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7: The Grignard Reaction (Experiment)

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    In 1912, the Nobel Prize in Chemistry was awarded to Victor Grignard for his work with the reaction that is now named after him. This reaction is valuable for its ability to form carbon-carbon bonds. The Grignard reagents are formed from the reaction of an alkyl halide with magnesium metal in anhydrous ether. The carbon atom of the Grignard reagent can function as both a strong base and a strong nucleophile. However, due to the high reactivity of these Grignard reagents, great care must be taken to keep the reactions as free from air and water as possible.

    Reaction Scheme



    Biphenyl, which is formed from a coupling reaction between unreacted bromobenzene and Grignard reagent, is often observed as a major impurity in this reaction. Formation of the side product is favored by high concentrations of bromobenzene and increased reaction temperature. Biphenyl is yellowish in color and can be separated from the triphenylmethanol product.



    Experiment 7 is a group experiment. You will work in a small group to carry out variations of the Grignard reaction with phenyl magnesium bromide and benzophenone to form triphenylmethanol and to answer the focus questions below.

    Focus Questions

    1. What conditions favor the formation of the biphenyl side product?
    2. Does using iodine as an additive improve the Grignard reaction?


    Equipment preparation

    A significant amount of water will adhere to the surface of glassware. Therefore all glassware used in the Grignard reaction must be scrupulously cleaned and dried. In preparation wash all glassware, rinse with acetone, and place dry glassware in the oven overnight. Glassware to be placed in the oven includes the Claisen head adapter, 5 mL conical vial, magnetic spin vein, stir rod or spatula and 3 disposable dram vials. Note disposable dram vials need not be washed, but should be rinsed with acetone.

    Just prior to your experiment carefully remove dry glassware from the oven, assemble and immediately cap it with a septum. If the rubber septum in your kit has been punctured multiple times obtain a replacement septum from your GSI. The hard side of the septum is the solvent resistant Teflon side and should be place downward. Stopper the disposable dram vials with corks. Allow all glassware to cool to room temperature before proceeding with the experiment. Keep the vessel capped throughout the course of the experiment unless you need to add something to it.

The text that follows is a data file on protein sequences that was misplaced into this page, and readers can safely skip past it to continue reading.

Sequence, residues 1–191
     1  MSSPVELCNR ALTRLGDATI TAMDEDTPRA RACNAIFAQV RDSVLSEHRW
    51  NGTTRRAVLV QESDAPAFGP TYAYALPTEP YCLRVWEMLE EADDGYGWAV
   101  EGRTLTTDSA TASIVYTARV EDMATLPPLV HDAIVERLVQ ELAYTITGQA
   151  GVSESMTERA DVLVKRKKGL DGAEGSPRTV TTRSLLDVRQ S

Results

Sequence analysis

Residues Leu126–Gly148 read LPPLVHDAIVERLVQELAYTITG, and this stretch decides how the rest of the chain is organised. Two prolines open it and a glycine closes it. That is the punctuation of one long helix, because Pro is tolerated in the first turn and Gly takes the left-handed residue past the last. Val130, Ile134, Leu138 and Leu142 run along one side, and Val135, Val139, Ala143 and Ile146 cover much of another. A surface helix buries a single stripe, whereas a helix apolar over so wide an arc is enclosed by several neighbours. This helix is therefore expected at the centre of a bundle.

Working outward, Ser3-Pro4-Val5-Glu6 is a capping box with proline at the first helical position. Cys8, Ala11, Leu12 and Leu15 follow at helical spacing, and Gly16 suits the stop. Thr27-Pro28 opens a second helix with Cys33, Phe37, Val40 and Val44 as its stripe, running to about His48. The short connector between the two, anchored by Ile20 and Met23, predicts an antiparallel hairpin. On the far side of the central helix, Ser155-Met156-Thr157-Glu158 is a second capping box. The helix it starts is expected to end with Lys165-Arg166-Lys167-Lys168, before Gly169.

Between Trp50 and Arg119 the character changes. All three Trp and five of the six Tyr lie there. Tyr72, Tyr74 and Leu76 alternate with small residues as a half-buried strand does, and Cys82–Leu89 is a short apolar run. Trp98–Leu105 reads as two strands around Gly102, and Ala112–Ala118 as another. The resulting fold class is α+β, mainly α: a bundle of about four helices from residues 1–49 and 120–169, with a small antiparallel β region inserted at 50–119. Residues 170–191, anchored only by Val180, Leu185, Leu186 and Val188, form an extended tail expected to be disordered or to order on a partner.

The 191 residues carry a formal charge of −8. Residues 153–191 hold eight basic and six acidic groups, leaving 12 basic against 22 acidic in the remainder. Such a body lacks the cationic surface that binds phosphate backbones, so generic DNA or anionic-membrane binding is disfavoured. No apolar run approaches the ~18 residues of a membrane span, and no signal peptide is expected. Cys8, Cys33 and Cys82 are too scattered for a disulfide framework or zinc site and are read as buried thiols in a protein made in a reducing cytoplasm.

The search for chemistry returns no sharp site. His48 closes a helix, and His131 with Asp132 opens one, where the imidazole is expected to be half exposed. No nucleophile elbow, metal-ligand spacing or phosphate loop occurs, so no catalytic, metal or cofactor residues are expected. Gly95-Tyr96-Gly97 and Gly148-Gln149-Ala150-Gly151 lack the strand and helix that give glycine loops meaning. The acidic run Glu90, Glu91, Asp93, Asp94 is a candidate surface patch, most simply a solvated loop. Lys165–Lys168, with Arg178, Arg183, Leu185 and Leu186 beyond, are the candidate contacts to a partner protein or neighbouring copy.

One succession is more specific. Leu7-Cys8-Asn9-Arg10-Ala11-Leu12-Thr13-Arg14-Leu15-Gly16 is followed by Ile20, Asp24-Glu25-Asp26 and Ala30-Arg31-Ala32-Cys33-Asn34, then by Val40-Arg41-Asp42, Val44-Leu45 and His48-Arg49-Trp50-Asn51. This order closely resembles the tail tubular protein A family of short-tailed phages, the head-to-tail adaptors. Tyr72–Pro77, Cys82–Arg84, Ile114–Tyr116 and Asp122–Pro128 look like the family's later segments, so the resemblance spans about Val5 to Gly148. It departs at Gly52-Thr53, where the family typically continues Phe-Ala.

Experiment 7 is a two week experiment. At the end of the first session be sure to re-clean and replace your glassware in the oven so as to ensure that it is dry for the second session. With careful planning each group member should be able to carry out 2 complete Grignard experiments.

    Preparation of Grignard reagent

    Obtain 3 mL of anhydrous diethyl ether from your GSI in one of the oven dried dram vials. Weigh magnesium powder (50 mg, 2 mmol) and add it to your reaction vessel. Using a 1.0 mL syringe inserted through the septum add 0.5 mL of anhydrous diethyl ether to the reaction vessel. In a separate oven dried vial, add bromobenzene (330 mg, 2.1 mmol) and 0.7 mL of anhydrous diethyl ether and transfer 0.1 mL of this solution into the reaction tube also using the 1.0 mL syringe inserted through the septum. If the reaction doesn’t start quickly, remove the septum and crush the magnesium with a dry stirring rod. Replace the septum, making sure to release pressure as necessary using a needle to vent as necessary. The solution should turn cloudy and start to boil, indicating that the reaction has started. To prevent the ether from boiling away, wrap a damp paper towel around neck of the Claisen adapter. Over several minutes, slowly add the remaining bromobenzene/ether solution, making sure that the reaction does not boil too vigorously. It is important to control the addition of bromobenzene to avoid the rapid evolution of heat. After boiling slows, add a magnetic stir bar to the reaction tube and stir.